While the taste for Viking Revival design crossed from the nineteenth into the early twentieth century, interest in producing such pieces had initially accelerated as the nation approached the four hundredth anniversary of Columbus’s first landing and the World’s Columbian Exposition in 1893 (also known as the Chicago World’s Fair). Tiffany and Company created several major pieces for exhibit at the fair. Among these was the much-admired and much-talked about Viking Punch Bowl, designed specifically to commemorate pre-Columbian explorations of North America. Twenty and a half inches in diameter, with a plain silver interior, the Viking Punch Bowl was made of “‘decarbonized iron,’ meaning iron that has been heated to a very high temperature to eliminate virtually all carbon content in order to make it malleable.” With this nod to the advanced iron technology of medieval Scandinavia, the Tiffany designer Paulding Farnham (1859–1927) then proceeded to work the now- malleable iron. It was hammered, etched, and inlaid with complex patterns in gold and silver. “Its eight handles [with Norse mythological creatures etched into them] pass through the lip to terminate in shapes like the prows of Viking ships.” The punch bowl was so successful that Farnham designed more Viking Revival pieces for subsequent fairs, both in Europe and the U.S. But the Viking Punch Bowl exhibited at the World’s Columbian Exposition had a special resonance. Whether intended or not, it seemed to take sides in the swelling national debate that led up to the fair: Should the nation be celebrating Columbus as its discoverer or Leif Eiriksson?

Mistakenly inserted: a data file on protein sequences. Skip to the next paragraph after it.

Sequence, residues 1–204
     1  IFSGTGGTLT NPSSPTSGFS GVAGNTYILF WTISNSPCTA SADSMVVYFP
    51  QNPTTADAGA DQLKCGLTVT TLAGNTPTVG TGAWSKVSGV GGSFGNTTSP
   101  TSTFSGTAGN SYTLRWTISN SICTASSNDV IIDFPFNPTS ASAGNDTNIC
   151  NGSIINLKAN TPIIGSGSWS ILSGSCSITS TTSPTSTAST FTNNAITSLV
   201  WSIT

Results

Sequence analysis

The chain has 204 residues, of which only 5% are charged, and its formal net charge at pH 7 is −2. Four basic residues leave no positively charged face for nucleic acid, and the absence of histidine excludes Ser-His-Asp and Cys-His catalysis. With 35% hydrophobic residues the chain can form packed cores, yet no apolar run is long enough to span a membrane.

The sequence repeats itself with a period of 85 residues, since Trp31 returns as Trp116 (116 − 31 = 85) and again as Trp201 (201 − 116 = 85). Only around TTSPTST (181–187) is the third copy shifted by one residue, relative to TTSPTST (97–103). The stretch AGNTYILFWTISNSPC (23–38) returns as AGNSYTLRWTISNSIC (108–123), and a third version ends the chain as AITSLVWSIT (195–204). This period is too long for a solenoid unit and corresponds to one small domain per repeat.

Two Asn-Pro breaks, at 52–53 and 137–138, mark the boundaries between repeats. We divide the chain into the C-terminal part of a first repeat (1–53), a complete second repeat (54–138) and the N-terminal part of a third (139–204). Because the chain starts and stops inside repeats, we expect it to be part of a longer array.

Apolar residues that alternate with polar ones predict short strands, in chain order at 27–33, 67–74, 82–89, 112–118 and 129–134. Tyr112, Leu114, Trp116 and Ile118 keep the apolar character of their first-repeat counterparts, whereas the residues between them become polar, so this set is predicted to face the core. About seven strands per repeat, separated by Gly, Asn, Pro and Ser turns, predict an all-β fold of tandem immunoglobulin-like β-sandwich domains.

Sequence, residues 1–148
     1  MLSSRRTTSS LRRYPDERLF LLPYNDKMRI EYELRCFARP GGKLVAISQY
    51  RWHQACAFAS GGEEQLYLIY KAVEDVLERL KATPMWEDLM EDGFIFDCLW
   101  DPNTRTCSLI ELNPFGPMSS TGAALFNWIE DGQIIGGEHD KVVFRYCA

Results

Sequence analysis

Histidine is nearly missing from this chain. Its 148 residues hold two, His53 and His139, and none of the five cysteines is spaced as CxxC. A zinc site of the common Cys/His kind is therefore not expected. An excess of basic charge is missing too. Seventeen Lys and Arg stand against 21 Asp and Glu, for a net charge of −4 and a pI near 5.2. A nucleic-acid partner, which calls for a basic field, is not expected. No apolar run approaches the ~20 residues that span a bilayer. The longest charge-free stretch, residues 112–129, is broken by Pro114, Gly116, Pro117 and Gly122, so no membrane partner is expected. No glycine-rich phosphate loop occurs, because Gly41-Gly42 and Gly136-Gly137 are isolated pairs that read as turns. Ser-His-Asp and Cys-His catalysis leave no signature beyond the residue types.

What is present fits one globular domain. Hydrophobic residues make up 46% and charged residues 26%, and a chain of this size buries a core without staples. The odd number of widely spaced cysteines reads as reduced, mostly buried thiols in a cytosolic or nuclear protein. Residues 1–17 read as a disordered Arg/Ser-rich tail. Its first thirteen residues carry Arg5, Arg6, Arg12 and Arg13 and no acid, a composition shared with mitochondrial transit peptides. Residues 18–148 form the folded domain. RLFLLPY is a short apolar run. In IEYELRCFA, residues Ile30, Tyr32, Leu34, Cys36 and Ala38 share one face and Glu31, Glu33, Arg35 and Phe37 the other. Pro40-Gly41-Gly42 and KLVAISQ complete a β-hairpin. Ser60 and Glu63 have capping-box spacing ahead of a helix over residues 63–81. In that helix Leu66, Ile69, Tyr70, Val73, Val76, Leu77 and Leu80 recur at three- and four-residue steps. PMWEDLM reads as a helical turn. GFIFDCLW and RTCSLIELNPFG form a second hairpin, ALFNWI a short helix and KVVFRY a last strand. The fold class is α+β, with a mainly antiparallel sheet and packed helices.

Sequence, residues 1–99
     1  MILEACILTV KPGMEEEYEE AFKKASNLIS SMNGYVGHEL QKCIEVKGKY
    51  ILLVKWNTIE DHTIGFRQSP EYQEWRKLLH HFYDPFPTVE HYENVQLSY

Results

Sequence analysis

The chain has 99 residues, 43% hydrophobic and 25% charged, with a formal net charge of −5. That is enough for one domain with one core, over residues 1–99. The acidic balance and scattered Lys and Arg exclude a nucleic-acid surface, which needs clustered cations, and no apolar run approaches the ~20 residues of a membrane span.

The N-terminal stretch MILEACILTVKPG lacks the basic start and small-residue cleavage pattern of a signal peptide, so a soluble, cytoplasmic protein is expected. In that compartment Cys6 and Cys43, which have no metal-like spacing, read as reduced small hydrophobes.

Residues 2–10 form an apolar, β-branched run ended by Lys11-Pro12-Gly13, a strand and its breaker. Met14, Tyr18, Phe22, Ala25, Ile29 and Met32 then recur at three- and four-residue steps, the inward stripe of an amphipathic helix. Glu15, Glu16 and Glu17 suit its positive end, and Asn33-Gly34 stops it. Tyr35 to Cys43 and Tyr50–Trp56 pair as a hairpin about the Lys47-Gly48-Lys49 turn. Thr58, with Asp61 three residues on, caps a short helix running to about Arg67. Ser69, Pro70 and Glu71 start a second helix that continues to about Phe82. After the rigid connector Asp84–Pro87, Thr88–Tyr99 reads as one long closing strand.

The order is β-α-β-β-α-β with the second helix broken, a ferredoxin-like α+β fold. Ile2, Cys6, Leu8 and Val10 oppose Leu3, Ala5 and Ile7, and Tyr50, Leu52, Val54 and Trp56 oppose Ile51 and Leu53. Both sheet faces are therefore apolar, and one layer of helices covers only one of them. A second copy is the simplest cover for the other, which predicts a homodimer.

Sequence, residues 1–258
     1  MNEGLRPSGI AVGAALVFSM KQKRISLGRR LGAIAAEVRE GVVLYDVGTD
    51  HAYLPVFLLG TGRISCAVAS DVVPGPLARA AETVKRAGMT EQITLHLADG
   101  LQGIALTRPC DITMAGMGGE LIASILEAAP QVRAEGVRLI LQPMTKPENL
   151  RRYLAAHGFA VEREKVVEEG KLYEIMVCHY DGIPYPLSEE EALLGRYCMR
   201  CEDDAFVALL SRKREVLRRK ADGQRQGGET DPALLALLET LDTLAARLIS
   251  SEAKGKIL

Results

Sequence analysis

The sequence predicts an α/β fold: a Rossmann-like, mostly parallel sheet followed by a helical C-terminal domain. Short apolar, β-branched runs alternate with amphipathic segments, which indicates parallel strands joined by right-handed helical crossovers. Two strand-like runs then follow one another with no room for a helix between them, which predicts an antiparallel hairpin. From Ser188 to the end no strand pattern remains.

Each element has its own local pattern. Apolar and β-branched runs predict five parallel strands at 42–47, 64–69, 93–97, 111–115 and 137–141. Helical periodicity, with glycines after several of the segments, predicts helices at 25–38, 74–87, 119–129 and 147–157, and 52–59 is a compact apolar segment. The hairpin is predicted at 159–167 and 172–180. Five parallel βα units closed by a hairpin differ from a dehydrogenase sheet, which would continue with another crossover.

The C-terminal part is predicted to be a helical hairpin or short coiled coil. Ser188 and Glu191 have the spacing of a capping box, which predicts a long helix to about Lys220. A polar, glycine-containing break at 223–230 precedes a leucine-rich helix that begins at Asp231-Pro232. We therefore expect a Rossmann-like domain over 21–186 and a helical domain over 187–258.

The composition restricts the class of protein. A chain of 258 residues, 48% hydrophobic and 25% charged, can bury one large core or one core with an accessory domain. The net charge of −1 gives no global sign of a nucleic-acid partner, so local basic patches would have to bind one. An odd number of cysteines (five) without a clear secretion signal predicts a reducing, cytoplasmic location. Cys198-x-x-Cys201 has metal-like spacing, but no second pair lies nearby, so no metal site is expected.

Image courtesy and copyright The Metropolitan Museum of Art / Art Resource, New York.
Text from In Search of First Contact: The Vikings of Vinland, the Peoples of the Dawnland, and the Anglo-American Anxiety of Discovery by Annette Kolodny (Duke University Press, 2012).